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Fixed with a look so sad, so reproachful, im

ploring, and patient, That with a sudden revulsion his heart recoiled

from its purpose, As from the verge of a crag, where one step

more is destruction. Strange is the heart of man, with its quick,

mysterious instincts ! Strange is the life of man, and fatal or fated

are moments, Whereupon turn, as on hinges, the gates of the

wall adamantine ! "Here I remain !” he exclaimed, as he looked

at the heavens above him, Thanking the Lord whose breath had scattered

the mist and the madness, Wherein, blind and lost, to death he was stag

gering headlong. “Yonder snow-white cloud, that floats in the

ether above me,

Seems like a hand that is pointing and beckon

ing over the ocean. There is another hand, that is not so spectral

and ghost-like, Holding me, drawing me back, and clasping

mine for protection. Float, О hand of cloud, and vanish away in the

ether! Roll thyself up like a fist, to threaten and

daunt me; I heed not Either your warning or menace, or any omen

of evil ! There is no land so sacred, no air so pure and

so wholesome, As is the air she breathes, and the soil that is

pressed by her footsteps. Here for her sake will I stay, and like an invis

ible presence Hover around her for ever, protecting, support

ing her weakness ;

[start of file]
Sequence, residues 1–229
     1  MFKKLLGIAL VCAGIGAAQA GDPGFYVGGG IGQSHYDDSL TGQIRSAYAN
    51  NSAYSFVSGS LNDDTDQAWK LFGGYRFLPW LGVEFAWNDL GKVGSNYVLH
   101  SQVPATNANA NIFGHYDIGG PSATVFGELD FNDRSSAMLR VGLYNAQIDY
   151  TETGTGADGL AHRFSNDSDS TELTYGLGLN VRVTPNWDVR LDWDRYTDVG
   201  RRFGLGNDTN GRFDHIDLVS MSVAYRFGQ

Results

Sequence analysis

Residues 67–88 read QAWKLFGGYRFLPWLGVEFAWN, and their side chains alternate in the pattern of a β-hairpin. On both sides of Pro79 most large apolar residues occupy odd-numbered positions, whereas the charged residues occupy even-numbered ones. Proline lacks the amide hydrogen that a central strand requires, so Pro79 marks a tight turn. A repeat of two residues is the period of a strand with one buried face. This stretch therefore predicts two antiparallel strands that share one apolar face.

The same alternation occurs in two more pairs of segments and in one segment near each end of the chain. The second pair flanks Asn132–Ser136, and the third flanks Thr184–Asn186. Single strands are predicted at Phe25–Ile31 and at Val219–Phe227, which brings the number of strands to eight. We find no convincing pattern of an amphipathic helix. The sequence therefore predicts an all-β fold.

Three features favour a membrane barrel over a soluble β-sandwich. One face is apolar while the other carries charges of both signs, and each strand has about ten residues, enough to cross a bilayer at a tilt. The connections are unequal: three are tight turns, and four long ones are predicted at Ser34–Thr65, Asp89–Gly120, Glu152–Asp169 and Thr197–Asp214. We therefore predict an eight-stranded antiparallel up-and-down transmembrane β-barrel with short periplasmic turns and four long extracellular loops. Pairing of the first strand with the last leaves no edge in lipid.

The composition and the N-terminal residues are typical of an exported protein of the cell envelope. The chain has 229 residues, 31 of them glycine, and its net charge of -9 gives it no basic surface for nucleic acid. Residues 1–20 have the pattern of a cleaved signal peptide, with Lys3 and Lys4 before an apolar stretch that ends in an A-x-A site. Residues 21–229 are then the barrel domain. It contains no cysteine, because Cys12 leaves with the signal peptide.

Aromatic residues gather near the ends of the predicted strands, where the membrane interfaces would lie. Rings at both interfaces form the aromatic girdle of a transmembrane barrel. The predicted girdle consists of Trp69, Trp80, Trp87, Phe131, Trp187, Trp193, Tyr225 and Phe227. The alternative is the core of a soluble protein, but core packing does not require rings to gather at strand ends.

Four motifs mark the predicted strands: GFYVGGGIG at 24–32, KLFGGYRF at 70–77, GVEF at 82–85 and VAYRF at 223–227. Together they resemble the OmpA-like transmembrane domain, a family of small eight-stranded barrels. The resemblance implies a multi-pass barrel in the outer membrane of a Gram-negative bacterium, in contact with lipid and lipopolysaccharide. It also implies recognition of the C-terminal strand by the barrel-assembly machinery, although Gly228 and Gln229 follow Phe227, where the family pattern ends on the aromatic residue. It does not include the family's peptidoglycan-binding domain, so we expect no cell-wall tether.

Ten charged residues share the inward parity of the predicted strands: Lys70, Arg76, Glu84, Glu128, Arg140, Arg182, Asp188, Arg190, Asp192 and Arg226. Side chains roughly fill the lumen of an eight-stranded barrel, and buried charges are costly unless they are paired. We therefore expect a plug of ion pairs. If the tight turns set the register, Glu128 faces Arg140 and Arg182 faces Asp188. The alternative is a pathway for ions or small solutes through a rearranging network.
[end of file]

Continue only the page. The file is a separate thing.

Yes! as my foot was the first that stepped on

this rock at the landing, So, with the blessing of God, shall it be the

last at the leaving !'

Meanwhile the Master alert, but with dig

nified air and important, Scanning with watchful eye the tide and the

wind and the weather, Walked about on the sands; and the people

crowded around him Saying a few last words, and enforcing his

careful remembrance." Then, taking each by the hand, as if he were

grasping a tiller, Into the boat he sprang, and in haste shoved

off to his vessel, Glad in his heart to get rid of all this worry

and flurry, Glad to be gone from a land of sand and sick

ness and sorrow,

Short allowance of victual, and plenty of noth

ing but Gospel! Lost in the sound of the oars was the last fare

well of the Pilgrims. O strong hearts and true! not one went back

in the May Flower ! No, not one looked back, who had set his hand

to this ploughing!

Soon were heard on board the shouts and

songs of the sailors Heaving the windlass round, and hoisting the

ponderous anchor. Then the yards were braced, and all sails set

to the west-wind, Blowing steady and strong; and the May

Flower sailed from the harbor, Rounded the point of the Gurnet, and leaving

far to the southward Island and cape of sand, and the Field of the

First Encounter,

Took the wind on her quarter, and stood for

the open Atlantic, Borne on the send of the sea, and the swelling

hearts of the Pilgrims.

Long in silence they watched the receding

sail of the vessel, Much endeared to them all, as something living

and human ;

Then, as if filled with the spirit, and wrapt in

a vision prophetic, Baring his hoary head, the excellent Elder of

Plymouth Said, “ Let us pray!” and they prayed, and

thanked the Lord and took courage. Mournfully sobbed the waves at the base of the

rock, and above them Bowed and whispered the wheat on the hill of

death, and their kindred Seemed to awake in their graves, and to join

in the prayer that they uttered.

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